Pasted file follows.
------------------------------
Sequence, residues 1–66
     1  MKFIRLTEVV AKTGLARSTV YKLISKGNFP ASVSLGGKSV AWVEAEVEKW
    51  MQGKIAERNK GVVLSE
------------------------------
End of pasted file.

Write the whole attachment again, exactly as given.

Sequence, residues 1–66
     1  MKFIRLTEVV AKTGLARSTV YKLISKGNFP ASVSLGGKSV AWVEAEVEKW
    51  MQGKIAERNK GVVLSE